A user story is not a specification. It is generally a placeholder that describes the outline (not the details) of a feature, and provides some context to guide design and implementation decisions. Important details can be provided as separate stories; minor details should be communicated directly or in ancillary documents.
Capture Important Features as Separate Stories
Critical features should be separate user stories. Consider this advice:
Many of these details can be expressed as additional stories. In fact, it is better to have more stories than to have stories that are too large.
— Cohn, Mike (2004-03-01). User Stories Applied: For Agile Software Development (Addison-Wesley Signature Series (Beck)) (Kindle Locations 489-490). Pearson Education. Kindle Edition.
So, you might have one story for adding a user-selectable book category, and another for limiting your scope to clothing. This is the right way to go if each feature really needs to be captured at the project level, because user stories are tracked on the Product Backlog.
Use Stories as Conversation Placeholders
When you are using Scrum properly, a user story facilitates communication about a feature, rather than functioning as a detailed specification document. For example, a good placeholder might be:
As a customer,
I want to be able to select a category
so that I can narrow the scope of products I am browsing.
Maybe the Product Owner and Development Team agree to hard-code the values, or perhaps a more dynamic approach where the marketing team can add or remove categories dynamically would be better. Both approaches will work; the main difference is in the level of effort required to implement the feature. This is a great negotiation to have during Sprint Planning if the scope and complexity of the story isn't already clear to everyone on the Scrum team.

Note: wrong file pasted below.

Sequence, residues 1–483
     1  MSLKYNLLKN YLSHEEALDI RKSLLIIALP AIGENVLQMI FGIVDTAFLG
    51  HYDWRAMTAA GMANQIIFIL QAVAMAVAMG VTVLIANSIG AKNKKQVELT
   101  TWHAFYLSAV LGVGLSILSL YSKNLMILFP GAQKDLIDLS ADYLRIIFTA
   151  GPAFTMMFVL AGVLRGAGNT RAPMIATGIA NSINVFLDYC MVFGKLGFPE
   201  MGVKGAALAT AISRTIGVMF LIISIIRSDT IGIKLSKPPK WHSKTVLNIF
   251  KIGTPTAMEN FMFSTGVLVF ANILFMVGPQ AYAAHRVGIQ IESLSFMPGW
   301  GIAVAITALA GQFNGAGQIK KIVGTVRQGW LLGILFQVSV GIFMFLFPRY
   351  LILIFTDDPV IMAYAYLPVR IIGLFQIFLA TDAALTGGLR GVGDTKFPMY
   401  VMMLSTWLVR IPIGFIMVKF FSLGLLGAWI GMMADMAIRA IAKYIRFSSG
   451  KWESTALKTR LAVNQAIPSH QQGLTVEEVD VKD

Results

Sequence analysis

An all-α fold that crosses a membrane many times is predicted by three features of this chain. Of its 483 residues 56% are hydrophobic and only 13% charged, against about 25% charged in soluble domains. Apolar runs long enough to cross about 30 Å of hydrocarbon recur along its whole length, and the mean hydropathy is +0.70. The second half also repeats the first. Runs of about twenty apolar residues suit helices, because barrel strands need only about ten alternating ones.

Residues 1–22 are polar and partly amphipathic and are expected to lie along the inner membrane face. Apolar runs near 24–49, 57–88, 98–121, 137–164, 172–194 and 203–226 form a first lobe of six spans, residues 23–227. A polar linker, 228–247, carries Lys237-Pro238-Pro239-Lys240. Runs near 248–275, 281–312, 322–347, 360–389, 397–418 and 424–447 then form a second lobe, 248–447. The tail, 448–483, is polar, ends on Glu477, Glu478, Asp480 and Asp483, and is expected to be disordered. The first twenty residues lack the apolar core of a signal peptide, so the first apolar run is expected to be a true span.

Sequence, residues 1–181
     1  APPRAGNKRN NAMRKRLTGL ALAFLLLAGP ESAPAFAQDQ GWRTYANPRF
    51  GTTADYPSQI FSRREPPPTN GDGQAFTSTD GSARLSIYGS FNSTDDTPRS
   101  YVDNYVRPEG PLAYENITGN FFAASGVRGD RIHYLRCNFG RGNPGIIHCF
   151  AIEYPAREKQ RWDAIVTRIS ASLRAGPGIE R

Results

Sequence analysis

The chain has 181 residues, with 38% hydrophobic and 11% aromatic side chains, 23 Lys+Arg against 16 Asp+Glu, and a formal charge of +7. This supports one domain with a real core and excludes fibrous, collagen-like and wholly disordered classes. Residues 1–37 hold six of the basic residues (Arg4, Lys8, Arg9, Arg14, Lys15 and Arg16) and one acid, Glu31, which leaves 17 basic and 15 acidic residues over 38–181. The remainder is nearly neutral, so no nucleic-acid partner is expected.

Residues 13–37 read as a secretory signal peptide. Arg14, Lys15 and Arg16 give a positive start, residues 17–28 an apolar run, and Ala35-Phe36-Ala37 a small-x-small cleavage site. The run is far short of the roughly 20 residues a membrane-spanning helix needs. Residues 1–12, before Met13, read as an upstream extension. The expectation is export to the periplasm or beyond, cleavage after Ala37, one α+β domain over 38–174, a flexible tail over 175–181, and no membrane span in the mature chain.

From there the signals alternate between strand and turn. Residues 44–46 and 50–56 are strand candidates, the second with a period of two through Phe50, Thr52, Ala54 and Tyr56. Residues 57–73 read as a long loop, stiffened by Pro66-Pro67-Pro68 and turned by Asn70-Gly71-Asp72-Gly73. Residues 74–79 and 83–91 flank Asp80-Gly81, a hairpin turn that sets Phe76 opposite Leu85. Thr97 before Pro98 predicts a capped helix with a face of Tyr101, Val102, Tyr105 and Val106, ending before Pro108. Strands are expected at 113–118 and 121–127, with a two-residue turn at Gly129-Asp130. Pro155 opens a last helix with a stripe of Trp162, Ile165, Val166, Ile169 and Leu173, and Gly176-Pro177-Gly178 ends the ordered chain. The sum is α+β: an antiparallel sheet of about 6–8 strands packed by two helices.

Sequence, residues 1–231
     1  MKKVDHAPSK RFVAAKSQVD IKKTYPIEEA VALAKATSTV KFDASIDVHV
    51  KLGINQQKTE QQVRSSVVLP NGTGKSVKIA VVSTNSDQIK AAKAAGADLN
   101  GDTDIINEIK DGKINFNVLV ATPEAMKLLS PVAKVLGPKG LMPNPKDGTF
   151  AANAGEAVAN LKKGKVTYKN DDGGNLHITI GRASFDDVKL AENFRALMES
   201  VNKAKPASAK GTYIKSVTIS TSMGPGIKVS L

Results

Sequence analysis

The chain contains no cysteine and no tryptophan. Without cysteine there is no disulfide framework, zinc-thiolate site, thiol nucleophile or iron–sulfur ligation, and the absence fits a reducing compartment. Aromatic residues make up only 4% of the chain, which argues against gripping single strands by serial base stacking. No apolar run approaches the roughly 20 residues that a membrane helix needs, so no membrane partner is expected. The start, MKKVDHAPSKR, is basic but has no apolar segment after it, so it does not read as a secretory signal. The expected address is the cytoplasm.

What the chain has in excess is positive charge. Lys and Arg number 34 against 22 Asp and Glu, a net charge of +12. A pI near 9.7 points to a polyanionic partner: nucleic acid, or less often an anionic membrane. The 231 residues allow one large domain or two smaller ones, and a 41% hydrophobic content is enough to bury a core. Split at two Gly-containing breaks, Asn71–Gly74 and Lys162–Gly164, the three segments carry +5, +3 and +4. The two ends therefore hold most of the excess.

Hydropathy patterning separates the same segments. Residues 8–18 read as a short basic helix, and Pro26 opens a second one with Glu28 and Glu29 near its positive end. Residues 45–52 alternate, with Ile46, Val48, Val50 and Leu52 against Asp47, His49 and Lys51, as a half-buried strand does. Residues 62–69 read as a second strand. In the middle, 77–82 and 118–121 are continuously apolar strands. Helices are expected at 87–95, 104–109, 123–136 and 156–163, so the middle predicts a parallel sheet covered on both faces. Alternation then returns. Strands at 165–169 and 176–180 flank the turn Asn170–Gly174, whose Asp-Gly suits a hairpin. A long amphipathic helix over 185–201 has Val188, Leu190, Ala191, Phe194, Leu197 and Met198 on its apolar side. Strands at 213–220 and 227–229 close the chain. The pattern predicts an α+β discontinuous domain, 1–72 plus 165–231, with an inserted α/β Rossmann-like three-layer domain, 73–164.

Stories Aren't Specifications
Rather than writing all these details as stories, the better approach is for the development team and the customer to discuss these details. That is, have a conversation about the details at the point when the details become important. There's nothing wrong with making a few annotations on a story card based on a discussion...However, the conversation is the key, not the note on the story card. Neither the developers nor the customer can point to the card three months later and say, "But, see I said so right there." Stories are not contractual obligations.
— Cohn, Mike (2004-03-01). User Stories Applied: For Agile Software Development (Addison-Wesley Signature Series (Beck)) (Kindle Locations 509-513). Pearson Education. Kindle Edition.
The point being made here is that in most cases adding prescriptive levels of detail to a story is a project smell that indicates that the Product Owner wants detailed, up-front specifications rather than truly iterative development. In practice, a story like yours might lead to some hard-coded values in one iteration in order to make the feature available, while future sprints might add additional categories or make the list of categories more flexible and dynamic.
Advice for Your Specific Use Case
Given your specific example, it might be easier just to rewrite the story to include the small set of hard-coded categories. For example:
As a customer,
I want to be able to browse books, electronics, and clothing separately
so that I only see the types of products I'm currently interested in.
On the other hand, if the list of categories is a lot longer, you could just use your original story, and the Product Owner could provide a separate document listing the categories he wants added. The list doesn't have to be part of the user story; in fact, if the list is a big one, it shouldn't be. The story just acts as shorthand to describe the outline of the feature, but the details can be fleshed out during Sprint Planning or Backlog Grooming, and be captured in additional project artifacts when necessary.